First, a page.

Rather than spur outrage or lay blame at politicians and corruption, the film aims to get people thinking about the bigger issue of Cambodia’s all-over industrial development, says the film’s executive producer Youk Chhang, of DC-Cam.

“The idea is to use the beauty [of the cinematography] to engage the public — Kalyanee is very talented at that. As we progressed, the story [which was originally focused on land issues] became A River Changes Course.

“[The film screenings] contributes to democratic society, where people can pose these questions. It may have some impact over their voting decisions.… They should also have their own initiative or solution. We hope people take ownership of the problem.”

For Mam, who lives in northern California and has a born love of the outdoors, the threat to Cambodia’s natural environment — all the traditional life that entails — is an issue that has not yet hit many of the Khmer-American diaspora. She hopes a screening of the film in the Khmer community of Long Beach will bring the message home.

“I love nature. Even where I live, I live near nature and I think maybe it’s because I’m Cambodian it’s in my blood.… If you were in Cambodia in 1998 and came back 10 years later you wouldn’t recognise many of the places. Where there were rice fields are now factories, where there were fish in the water, there’s a dwindling fish population. Where there’s running water there’s dams being built, where there’s forest there are rubber plantations and sugar.… I feel two years ago people were struggling to survive. Right now people are struggling to not only survive but maintain their dignity.”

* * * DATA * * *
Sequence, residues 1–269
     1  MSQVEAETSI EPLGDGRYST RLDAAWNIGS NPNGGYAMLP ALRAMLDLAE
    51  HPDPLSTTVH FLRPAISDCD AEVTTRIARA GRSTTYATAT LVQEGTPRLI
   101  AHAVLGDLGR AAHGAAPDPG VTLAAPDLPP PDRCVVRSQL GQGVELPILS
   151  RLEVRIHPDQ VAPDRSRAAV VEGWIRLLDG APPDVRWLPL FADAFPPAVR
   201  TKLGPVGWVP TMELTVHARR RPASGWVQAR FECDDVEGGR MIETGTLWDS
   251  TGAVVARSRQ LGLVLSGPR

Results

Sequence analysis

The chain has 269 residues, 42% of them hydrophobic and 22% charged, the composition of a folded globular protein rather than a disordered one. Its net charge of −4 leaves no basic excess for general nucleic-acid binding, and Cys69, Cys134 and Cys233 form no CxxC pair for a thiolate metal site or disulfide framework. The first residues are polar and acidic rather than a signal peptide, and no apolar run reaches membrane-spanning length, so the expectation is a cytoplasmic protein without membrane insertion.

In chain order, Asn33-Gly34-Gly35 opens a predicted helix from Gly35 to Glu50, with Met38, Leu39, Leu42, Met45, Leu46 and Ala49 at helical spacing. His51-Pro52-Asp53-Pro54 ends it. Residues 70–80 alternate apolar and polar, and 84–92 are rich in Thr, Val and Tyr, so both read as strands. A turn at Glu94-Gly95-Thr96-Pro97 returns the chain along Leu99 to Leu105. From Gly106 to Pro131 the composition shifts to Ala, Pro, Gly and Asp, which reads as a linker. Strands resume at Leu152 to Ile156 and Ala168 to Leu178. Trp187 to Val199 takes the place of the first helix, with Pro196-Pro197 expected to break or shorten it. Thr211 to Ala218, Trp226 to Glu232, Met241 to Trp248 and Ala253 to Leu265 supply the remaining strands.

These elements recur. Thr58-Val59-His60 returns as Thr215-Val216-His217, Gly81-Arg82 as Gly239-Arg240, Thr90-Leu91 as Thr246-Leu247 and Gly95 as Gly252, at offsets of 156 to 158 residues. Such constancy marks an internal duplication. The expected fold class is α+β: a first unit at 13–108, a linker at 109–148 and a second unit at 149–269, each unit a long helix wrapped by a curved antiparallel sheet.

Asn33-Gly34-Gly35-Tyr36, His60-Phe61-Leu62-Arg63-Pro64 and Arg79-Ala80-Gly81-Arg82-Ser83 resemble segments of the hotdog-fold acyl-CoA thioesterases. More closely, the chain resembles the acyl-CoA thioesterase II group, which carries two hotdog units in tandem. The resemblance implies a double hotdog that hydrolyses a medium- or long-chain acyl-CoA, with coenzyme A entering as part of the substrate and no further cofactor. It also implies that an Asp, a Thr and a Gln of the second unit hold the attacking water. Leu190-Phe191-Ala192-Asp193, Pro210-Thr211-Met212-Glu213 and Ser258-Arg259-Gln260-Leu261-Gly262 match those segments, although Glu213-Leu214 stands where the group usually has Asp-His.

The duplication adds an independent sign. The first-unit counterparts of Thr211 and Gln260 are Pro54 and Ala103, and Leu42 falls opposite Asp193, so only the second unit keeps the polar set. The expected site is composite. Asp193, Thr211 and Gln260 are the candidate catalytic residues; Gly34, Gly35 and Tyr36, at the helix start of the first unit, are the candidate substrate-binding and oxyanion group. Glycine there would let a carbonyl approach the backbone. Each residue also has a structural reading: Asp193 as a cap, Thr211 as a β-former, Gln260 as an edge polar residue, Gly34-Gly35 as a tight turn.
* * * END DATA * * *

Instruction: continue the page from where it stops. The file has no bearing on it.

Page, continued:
Although Mam jokes that she ‘has no purpose’ — but rather lives to ‘learn and be open-minded and to explore and discover’ — a passionate urgency inflects her conversation about the film she lovingly promotes.

“When you work on the Khmer Rouge for a while, you burn out. It’s such a difficult topic and there’s only so much you can hear about death and execution. The psychological drain was one reason [to but the other was I felt that while we were talking about the past, so much is happening in the present.”